When a business decides to implement a Bring Your Own Device (BYOD) policy, MSP security must stay a step ahead. Many businesses have moved to mobility to cut costs on hardware and allow employees to work with a familiar and comfortable device of their choice. But in order for BYOD to work, you must use special tools and policies to avoid the vulnerabilities that multiple various mobile devices present.
Remote Access and Productivity
BYOD is a practical choice for businesses that operate in multiple places. Firms can save money on office space, energy, and equipment when you let employees use their own personal devices. It’s also an excellent solution for sales agents whose job largely consists of off-site meetings with clients and prospects. BYOD integrates with a cloud solution that allows each worker to sign in with a password from any location at any time. This flexibility can potentially improve the company’s productivity and profits.
But one of the issues you must address before implementation is whether or not the administrator will have access to each device and how much space on the device will be partitioned for corporate vs. personal use. You will need a centralized platform with security software capable of identifying and monitoring all devices that have permission for access. Mobile device management (MDM) software will provide this solution. Other considerations include:
- Applications that can be used or are banned
- What websites team members are allowed to access
- Data that can or cannot be accessed
- Whether or not public Wi-Fi access is allowed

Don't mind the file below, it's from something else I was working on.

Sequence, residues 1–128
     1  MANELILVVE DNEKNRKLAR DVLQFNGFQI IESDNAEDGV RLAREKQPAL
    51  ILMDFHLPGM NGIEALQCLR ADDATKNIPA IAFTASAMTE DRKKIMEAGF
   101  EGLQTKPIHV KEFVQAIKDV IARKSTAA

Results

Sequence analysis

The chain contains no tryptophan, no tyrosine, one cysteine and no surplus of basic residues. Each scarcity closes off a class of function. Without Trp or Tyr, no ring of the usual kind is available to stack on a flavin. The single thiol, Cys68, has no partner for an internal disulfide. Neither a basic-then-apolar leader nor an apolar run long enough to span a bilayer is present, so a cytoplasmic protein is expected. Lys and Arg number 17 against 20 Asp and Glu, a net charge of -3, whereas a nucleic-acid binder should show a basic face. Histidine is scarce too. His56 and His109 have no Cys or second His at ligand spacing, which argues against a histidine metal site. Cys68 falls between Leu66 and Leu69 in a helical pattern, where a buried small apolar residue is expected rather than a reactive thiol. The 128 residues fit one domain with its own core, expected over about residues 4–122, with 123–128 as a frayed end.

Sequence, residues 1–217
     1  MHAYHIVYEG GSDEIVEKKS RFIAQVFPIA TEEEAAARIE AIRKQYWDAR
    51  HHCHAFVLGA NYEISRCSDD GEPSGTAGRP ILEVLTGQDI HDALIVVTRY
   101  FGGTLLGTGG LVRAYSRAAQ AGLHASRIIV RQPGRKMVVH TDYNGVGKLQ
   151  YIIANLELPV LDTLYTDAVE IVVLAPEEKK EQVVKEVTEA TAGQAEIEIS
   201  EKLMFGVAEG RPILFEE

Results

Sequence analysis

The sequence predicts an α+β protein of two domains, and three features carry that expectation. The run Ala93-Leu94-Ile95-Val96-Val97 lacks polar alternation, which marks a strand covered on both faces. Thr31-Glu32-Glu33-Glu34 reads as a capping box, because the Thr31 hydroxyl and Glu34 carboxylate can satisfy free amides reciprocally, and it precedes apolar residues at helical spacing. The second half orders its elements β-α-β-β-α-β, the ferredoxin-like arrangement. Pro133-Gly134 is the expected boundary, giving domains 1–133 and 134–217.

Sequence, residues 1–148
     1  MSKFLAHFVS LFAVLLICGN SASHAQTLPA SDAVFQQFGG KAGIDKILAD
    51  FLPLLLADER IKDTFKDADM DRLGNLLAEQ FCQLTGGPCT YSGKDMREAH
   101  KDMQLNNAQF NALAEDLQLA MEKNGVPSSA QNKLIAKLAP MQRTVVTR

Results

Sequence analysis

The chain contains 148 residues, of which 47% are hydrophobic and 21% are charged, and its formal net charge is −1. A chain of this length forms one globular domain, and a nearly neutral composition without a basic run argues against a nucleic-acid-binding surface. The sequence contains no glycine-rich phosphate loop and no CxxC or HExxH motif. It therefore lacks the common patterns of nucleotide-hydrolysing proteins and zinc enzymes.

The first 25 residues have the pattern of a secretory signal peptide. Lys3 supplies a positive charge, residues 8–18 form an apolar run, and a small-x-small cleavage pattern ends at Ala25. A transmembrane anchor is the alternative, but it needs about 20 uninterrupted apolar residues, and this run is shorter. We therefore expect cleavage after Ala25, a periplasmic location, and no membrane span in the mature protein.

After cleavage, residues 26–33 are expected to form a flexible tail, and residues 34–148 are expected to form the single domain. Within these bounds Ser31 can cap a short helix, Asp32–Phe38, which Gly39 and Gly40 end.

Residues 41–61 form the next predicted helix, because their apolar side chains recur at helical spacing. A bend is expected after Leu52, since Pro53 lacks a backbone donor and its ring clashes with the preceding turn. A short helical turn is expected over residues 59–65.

- Developing a policy for all team members to follow
- Meeting minimum security standards
- What to do if sensitive data is breached
In order for BYOD policies to work, each employee’s role needs to be clearly defined, which will help determine who has access to specific data. You may also decide that certain smartphones or laptops are unacceptable, such as those with outdated hardware and software.
An important aspect of MSP security that is not often stated is that there are serious legal risks involved with mixing personal and business data on the same device. One of the first questions you must answer is “Who pays for the device if it’s lost or stolen?” Employees, partners and other vendors need to accept responsibility for replacing it if the employer doesn’t furnish equipment.
Large firms such as hospitals and financial institutions must be extra cautious about BYOD, especially if they must meet government compliance. A physician, for example, cannot afford to lose his or her smartphone after accessing patient protected health information, which is considered extremely sensitive. Despite this type of risk, medical professionals can benefit tremendously from bringing their own devices since it is common for healthcare facilities to have multiple floors, each with different specialists.
Banks and brokers must also set strict policies since they deal with sensitive information that criminals are actively looking to steal. They can face heavy fines and lawsuits if this information is breached. All it takes for a major disaster is for one employee to click the wrong email and accidentally download malware to their system.
Ultimately, BYOD users must also be prepared to allow the company to lock and wipe their device if it’s lost or stolen. This policy should be clearly communicated to employees so that there is no misunderstanding. Employees must agree to keep personal and corporate data separate and sign the policy.
Tips for a Successful BYOD Policy
- Deny access to devices that behave unpredictably
- Make sure clients know the risks of high employee turnover
- Educate workers on how cybercriminals trick victims
- Require complex passwords for logins
- Immediately terminate access for ex-employees
The key points for MSP security to remember about BYOD are that it requires close system monitoring and strict policies and procedure. It’s crucial to train employees on the importance of online security and how they should and should not use their devices. As long as everyone on board understands their roles and limitations, BYOD can create better loyalty, productivity, and longevity among employees.